Ewan Proctor: “San Francisco is almost overwhelming with choice”
Interview by Molly O'Brien, Marketing & Communications Specialist, Advance.
Ewan Proctor’s professional life has been devoted to promoting Australian wine around the world. Recently having relocated to San Francisco from Shanghai, Ewan continues to expand the extraordinary reach that Penfolds wine has into the lives of people all over the globe.
Describing his newly established relationship with San Francisco as one with a "slow-burning gentle curiosity", Ewan says the city offers limitless possibilities of how to spend what spare time he has.
If you’re looking for an industry expert's opinion on the best places to wine and dine in San Francisco and what makes it unique from a culinary perspective, Ewan Proctor has got you covered.
How do the American and Australian wine industries differ?
There are similarities in the national obsession for homegrown wines, but given the transcontinental spread of Australian winemaking, I feel more Australians are able to develop a love of their local drops. In the United States, 80-90% of the attention domestically is on California, and the remainder largely on the other West Coast states, which means the majority of the country is gazing westward for wine. New York makes some great rieslings, but wines from there don’t get the equality of recognition that we see when comparing Margaret River and the Hunter Valley, for example.
What reputation does Australian food and wine have in different countries around the world? What makes it unique?
Australian food produce is highly prized worldwide, particularly in Asia where food security is an issue and our clean and green credentials are an inbuilt advantage. Wine is more of a patchy canvas, with some markets developing a genuine admiration and taking an interest in exploring the full diversity of wine from Australia, while other markets see us only through a lens of cheap and fruity reds. That’s a narrow definition that many of my colleagues in the Australian wine industry are working hard to shake, and I love being part of that effort.
What message do you hope to impart when educating individuals on Penfolds wine?
I seek to illustrate the resonance between the wines that we create now and the amazing people throughout the entire 174-year history of Penfolds who helped us get to this place. The history of Penfolds and the styles of wine that have been developed by people such as Max Schubert are intrinsic to the story of Australian wine. I also love to share insights into the regions and communities that contribute to the unique identity of our wines. Our network of growers, some of whom have worked with Penfolds for generations, is one of the great assets that contribute to Penfolds' continuing success.
How did you initially get into this industry? What makes a good sommelier?
I began as a trainee waiter in the late 1990s at the Bathers Pavilion restaurant in Sydney. It was a fantastic way to get exposed to the world of food and wine, great hospitality, and the people who put it all together. Good sommeliers keep their customers at the forefront of their mind at all times, whether they are writing the list or recommending a wine on the floor. The best sommeliers are also generous with their knowledge and help less experienced staff nurture their own interest. I’m here because of several people like that, among them Brendan Hilferty, Remi Bancal and Stephen Whitbread.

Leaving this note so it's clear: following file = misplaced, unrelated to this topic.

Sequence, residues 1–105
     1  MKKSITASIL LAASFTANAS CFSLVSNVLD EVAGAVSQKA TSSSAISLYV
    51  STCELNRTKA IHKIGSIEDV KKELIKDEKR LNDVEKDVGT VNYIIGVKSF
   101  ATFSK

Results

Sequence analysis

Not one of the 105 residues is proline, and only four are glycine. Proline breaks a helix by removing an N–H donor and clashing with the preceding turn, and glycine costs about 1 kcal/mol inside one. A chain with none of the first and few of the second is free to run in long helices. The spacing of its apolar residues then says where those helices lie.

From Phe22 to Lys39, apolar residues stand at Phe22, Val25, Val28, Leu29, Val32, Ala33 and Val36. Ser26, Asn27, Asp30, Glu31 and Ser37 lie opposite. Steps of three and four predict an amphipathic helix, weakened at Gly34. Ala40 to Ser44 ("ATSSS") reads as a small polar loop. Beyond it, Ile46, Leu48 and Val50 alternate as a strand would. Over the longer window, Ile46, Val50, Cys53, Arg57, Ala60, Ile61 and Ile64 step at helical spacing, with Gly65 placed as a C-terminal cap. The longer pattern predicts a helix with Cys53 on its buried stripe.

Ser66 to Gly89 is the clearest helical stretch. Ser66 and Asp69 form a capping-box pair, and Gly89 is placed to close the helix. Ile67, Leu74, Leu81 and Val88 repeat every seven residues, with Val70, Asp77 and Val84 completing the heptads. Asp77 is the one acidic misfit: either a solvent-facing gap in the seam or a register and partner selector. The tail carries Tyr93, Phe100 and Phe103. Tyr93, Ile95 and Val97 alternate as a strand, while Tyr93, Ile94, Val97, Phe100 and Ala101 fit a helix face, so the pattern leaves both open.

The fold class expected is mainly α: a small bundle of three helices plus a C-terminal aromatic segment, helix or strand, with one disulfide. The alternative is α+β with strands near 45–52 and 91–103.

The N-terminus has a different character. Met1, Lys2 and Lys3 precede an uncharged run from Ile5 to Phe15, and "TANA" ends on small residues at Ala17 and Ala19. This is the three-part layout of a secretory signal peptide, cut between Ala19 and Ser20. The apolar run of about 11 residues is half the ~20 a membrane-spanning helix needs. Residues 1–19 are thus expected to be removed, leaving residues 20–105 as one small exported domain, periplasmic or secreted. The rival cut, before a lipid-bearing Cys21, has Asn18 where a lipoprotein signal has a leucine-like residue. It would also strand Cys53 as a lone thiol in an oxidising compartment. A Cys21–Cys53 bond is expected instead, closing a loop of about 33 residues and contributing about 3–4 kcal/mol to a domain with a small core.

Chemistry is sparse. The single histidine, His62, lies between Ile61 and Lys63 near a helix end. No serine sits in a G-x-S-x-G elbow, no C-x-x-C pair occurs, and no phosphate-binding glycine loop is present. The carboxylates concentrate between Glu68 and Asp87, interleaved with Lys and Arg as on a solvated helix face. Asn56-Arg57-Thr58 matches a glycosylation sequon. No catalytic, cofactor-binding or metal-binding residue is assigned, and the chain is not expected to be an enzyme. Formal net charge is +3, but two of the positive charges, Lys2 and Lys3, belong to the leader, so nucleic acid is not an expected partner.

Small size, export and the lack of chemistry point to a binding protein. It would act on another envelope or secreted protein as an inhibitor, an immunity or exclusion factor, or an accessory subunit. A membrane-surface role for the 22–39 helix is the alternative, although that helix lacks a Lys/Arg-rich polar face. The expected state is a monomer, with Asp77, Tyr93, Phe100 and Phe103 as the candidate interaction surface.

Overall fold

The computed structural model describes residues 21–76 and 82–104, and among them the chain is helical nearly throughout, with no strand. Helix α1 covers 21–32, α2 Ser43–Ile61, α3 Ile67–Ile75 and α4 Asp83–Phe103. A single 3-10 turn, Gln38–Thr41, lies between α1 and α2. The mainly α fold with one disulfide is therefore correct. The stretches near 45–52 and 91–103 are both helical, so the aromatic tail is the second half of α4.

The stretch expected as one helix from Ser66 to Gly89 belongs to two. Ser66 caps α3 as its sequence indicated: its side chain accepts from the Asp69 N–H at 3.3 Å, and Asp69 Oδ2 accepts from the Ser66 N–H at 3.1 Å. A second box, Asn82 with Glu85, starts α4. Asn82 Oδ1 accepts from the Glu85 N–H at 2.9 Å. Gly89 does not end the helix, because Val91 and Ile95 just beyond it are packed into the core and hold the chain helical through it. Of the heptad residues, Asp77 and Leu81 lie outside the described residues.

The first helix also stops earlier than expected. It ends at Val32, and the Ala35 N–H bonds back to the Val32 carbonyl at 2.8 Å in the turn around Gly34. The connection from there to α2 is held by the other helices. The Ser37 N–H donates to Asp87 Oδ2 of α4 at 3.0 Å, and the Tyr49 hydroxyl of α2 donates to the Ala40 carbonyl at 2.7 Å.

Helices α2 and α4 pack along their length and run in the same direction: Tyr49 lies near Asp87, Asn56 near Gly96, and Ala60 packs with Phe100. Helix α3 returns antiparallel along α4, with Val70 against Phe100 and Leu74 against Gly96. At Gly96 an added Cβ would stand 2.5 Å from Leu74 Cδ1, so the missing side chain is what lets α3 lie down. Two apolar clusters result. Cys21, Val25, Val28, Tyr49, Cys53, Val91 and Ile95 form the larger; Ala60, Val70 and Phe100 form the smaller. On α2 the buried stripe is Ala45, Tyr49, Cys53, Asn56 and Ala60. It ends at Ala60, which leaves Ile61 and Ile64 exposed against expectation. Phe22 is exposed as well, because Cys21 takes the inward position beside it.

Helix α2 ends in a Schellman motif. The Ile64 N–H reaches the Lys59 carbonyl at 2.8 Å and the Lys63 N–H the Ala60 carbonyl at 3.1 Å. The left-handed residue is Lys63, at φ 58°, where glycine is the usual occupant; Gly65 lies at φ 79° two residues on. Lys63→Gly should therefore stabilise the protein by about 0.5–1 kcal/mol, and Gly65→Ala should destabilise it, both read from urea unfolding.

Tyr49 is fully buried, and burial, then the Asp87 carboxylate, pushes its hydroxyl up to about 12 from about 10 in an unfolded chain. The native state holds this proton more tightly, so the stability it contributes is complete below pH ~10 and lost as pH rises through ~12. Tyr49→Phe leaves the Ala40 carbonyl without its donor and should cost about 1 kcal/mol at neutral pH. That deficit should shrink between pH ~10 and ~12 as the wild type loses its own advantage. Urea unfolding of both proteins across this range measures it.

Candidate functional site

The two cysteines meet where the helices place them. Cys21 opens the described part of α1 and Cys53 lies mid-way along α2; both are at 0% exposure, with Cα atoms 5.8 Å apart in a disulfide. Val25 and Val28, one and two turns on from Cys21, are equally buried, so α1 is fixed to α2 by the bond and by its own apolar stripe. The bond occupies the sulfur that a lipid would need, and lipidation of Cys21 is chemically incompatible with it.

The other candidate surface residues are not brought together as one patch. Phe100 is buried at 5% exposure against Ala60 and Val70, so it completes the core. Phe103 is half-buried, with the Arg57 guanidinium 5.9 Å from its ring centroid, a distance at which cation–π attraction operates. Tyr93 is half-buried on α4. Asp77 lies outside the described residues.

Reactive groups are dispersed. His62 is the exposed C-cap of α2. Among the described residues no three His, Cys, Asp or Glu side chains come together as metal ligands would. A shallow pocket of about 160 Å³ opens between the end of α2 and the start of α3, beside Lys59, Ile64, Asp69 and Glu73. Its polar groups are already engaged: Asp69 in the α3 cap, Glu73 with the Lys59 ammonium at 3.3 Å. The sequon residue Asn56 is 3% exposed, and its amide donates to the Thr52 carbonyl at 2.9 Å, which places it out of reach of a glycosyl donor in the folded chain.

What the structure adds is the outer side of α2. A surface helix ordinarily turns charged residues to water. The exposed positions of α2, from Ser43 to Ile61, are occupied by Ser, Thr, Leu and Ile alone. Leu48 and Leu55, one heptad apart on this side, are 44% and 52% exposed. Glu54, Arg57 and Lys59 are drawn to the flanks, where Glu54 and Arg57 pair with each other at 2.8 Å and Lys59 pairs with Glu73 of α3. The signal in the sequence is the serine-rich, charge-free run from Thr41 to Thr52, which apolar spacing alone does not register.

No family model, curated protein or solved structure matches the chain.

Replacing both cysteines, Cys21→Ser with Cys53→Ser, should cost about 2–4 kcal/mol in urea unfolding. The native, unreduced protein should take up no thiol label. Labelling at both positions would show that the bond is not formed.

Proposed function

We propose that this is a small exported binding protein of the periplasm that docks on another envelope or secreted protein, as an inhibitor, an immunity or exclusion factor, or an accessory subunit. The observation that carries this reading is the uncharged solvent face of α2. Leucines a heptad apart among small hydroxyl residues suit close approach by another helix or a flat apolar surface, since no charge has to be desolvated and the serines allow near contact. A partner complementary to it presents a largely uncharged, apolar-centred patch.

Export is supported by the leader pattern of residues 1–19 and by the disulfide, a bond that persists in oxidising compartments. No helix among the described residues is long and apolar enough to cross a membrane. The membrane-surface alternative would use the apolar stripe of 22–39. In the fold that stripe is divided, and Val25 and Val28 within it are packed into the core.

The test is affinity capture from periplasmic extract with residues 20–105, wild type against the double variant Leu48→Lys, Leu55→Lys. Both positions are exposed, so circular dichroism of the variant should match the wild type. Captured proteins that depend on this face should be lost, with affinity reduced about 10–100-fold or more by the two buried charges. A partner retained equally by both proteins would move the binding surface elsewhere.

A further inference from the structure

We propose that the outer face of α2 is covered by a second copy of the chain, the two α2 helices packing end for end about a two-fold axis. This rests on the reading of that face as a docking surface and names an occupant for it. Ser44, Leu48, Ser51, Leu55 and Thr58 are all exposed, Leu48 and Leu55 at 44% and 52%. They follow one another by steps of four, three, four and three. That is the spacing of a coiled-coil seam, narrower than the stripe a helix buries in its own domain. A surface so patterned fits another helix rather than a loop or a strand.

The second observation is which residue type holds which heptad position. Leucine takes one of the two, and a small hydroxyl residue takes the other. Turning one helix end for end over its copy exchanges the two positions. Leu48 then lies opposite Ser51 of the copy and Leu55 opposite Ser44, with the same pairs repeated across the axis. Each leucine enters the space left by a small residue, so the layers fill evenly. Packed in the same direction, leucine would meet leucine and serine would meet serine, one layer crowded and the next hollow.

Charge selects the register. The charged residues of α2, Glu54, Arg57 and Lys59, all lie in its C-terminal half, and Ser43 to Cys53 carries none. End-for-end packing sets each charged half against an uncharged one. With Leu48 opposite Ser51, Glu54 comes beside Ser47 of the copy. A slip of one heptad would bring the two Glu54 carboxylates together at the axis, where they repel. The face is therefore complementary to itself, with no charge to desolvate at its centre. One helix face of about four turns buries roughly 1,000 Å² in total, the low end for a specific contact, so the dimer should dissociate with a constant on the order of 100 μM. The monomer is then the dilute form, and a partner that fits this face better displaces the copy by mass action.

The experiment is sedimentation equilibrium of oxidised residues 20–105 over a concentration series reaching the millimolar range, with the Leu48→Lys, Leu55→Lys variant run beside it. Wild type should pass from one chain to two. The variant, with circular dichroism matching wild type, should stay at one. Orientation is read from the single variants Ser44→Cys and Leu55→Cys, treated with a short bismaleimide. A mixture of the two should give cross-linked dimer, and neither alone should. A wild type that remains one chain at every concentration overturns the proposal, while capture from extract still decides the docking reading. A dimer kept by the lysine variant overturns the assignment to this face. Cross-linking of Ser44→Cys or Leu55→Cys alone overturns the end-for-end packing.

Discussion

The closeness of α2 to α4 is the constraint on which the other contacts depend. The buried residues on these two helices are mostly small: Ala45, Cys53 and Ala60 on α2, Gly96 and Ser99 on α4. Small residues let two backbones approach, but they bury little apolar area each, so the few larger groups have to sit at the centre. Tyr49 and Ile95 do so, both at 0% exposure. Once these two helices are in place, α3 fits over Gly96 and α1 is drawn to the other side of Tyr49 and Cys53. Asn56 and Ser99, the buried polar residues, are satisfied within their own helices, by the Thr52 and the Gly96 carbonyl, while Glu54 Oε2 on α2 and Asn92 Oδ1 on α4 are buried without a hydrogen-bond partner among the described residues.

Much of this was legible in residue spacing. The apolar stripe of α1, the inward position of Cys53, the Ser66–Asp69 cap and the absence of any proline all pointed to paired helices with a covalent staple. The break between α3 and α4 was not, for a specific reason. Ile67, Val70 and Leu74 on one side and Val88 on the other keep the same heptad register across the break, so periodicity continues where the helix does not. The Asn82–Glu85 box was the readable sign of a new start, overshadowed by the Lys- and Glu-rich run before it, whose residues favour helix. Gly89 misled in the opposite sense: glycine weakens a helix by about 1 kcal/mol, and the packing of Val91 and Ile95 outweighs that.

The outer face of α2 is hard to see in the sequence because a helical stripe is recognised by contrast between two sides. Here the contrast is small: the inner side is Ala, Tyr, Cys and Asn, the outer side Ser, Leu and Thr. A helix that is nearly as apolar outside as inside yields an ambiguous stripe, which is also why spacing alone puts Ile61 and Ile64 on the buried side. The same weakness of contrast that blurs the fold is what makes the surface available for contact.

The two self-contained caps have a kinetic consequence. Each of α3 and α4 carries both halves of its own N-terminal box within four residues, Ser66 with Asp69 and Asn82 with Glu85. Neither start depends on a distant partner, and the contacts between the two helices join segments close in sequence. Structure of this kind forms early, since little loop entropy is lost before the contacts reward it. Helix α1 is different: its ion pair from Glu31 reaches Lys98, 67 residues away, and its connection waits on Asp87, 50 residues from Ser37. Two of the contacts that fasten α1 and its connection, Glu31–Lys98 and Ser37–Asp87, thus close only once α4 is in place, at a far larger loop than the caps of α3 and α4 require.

What’s the most surprising thing about your job?
The extraordinary reach that Penfolds has into the lives of people all over the world! I have been to the ends of the earth in this job, even hosting a Penfolds event in Ulaanbaatar, Mongolia in 2015. There are Penfolds fans literally everywhere, and they love sharing their stories of the bottles and the people who introduced them to Penfolds. I’m always humbled by the graciousness and generosity shown to me by the people who I work with in so many different countries.
Can you describe your relationship with San Francisco?
It’s quite new and shiny as I’ve only been here for about two months, but I’d say it’s a slow-burning, gentle curiosity - there’s so much to do here and in the limited time I get to spend at home (I travel at least half of the year) I’m almost overwhelmed with choice; to spend the day exploring different neighbourhoods in the city, or to hike a trail in Marin County to a perfect beach and stare at the sunset? It’s a very special place that I look forward to getting to know better.
What makes San Francisco unique from a culinary perspective?
While it has the influences from Asia and Latin America that you expect to find in California, San Francisco has a few unexpected twists. Take its large, historically relevant Russian community for example - it’s a great place for Pierogi!! I think a huge feature of the Bay Area’s attitude to food is the historical connection to produce – it’s well acknowledged that Chez Panisse in Berkeley has been celebrating farm to table connections for decades and has been influential in promoting that philosophy to an ever-expanding following across the world.
Where are your favourite places to dine in the Bay Area?
I love my neighbourhood around Telegraph Avenue and 40th street in Temescal, which has lots of options including legendary Eritrean and Ethiopian diners and our local pub, the Hog’s Apothecary. When we cross the bay into the city, my wife and I love to revisit our days in Asia by exploring the Richmond district, which is also where you can find those Pierogi. I’m a fan of The Punchdown wine bar in Oakland downtown for a drink and tapas, and finally that perfect walk in Marin county ends at a place called the Siren Canteen on Stinson Beach.